'People want to do the right thing': Why 79% of hotel guests say you should tip — but only 30% do
People know they're supposed to tip at hotels, but a lack of cash and understanding of etiquette means they often don't.
When you stay at a hotel, do you tip?
Most people think you should. In a recent survey from hotel software firm Canary Technologies, 79% of hotel guests said they think workers should get tips. But hotel workers in the survey said only about 30% of guests typically tip.
"It's kind of this massive gap that we're seeing with the hotel industry being an anomaly within the service industry," says Bryan Michalis, vice president of marketing at Canary.
There's one very mechanical explanation for the disconnect: People don't carry cash. Run your credit card at a restaurant, and your server will hand you a receipt with a "tip" line. There might even be a set of suggested gratuities at the bottom.
But when you check out of a hotel and realize you don't have bills, you're more likely to go ahead and try to catch your flight than run to the bank.
Another reason is awareness. "People really do want to tip. They want to do the right thing," says Diane Gottsman, an etiquette expert and owner of the Protocol School of Texas. "But there is some confusion over what the etiquette is."
A guideline for hotel etiquette: Who and how much to tip
Before the trip: You should be thinking about tipping before you get on the plane, says Gottsman. "Factor in gratuity as part of your travel budget," she says. "When you're going to the bank to get cash, make sure you're getting ones and fives."
Alternatively, if you're carrying larger bills, most front desk workers and bartenders (if your hotel has a bar) are happy to make change.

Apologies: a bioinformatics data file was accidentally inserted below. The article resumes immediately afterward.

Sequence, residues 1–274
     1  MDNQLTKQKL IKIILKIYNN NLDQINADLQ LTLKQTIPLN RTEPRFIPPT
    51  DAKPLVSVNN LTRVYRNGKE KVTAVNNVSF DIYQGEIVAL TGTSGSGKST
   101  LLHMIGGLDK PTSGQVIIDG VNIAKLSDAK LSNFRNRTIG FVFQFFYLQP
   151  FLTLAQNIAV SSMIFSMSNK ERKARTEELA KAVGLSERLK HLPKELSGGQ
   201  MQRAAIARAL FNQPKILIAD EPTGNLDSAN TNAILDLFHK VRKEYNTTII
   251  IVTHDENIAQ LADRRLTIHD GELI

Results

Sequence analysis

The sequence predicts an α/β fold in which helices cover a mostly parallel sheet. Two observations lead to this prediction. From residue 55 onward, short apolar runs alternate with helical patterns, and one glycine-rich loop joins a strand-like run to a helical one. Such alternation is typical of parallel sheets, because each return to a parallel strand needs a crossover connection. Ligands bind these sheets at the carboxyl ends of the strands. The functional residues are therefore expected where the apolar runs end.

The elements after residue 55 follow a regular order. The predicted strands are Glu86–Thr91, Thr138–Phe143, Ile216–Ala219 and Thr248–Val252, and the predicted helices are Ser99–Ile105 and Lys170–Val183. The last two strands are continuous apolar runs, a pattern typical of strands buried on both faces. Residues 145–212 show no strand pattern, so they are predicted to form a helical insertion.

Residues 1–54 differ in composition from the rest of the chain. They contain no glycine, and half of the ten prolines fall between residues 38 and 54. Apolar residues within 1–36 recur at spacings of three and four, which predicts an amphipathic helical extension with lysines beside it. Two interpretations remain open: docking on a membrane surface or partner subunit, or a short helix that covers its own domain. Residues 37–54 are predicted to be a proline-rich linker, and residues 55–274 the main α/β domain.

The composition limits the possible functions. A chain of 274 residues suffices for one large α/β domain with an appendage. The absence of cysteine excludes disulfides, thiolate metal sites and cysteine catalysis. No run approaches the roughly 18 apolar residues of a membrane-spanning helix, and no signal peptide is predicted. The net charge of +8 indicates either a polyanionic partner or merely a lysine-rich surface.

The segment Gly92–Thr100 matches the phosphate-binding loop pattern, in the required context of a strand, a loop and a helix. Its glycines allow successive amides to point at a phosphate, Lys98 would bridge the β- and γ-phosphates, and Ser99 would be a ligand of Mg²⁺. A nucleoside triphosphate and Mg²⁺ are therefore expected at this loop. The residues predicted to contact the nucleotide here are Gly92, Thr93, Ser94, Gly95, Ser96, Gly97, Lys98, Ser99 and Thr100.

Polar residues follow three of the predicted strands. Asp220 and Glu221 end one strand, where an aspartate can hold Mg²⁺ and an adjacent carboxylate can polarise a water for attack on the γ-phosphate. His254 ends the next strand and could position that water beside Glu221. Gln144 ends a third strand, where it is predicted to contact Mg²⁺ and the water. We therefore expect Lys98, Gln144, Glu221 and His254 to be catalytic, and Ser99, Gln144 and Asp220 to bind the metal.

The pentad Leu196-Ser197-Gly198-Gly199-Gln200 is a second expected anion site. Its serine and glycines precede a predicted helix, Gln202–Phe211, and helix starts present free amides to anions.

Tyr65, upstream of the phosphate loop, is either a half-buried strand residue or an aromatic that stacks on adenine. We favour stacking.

Housekeepers: Plan on tipping $3 to $5 per day, or, if you have a bigger crew, $1 per person. But don't tally it up and leave a big tip at the end, says Gottsman. "Housekeepers change shifts daily. The person you get today might not be the person you get tomorrow. Leave tips daily."
To indicate that the bills you're leaving out are, in fact, a tip, put the money on a side table or on the bed along with a note indicating who it's for. "Hotel rooms always have a notepad and a pen," says Gottsman.
Beyond leaving a tip, there is a general expectation that you leave the room in reasonable order, says Sean Dasmann, general manager at the Agrarian Hotel in Arroyo Grande, California. That means putting your trash in the wastebasket, cleaning out the fridge and checking for anything you may be leaving behind, from clothes to electronics.
Luggage attendants: Tip $1 to $2 per bag carried up to your room. If you only have a bag or two, tip a minimum of $5 to make it worth the trip, Gottsman says.
Valet parkers: Give $2 to $5 when they pull up with your car.
Room service: If the hotel hasn't already added a gratuity, tip this person the same way you would a server or bartender in the restaurant downstairs: 15% to 20%.
Door staff: No need to tip for someone opening the door. But if the door staff calls you a cab, offers you an umbrella or helps with your bags, consider a $2 to $5 tip.
Front desk/Concierge: At the bare minimum, be polite and patient when checking in to a hotel, says Dasmann. "A good half of people over the age of 40, half of our guests, walk in and just shout their last name," he says.
That's unlikely to get you off on the right foot with the staff, especially if you want to make a special request, such as an upgrade or late checkout during your stay.
As for a tip, you don't need to break out your wallet for directions to a nearby coffee shop, says Gottsman. But consider a small gratuity, from $5 to $20, if a front desk person or concierge is able to secure you hard-to-get tickets, reservations or special services.
And remember, it's the thought that counts when it comes to tipping. These are just guidelines, says Gottsman. "You're not going to protocol hell if you're a dollar off."
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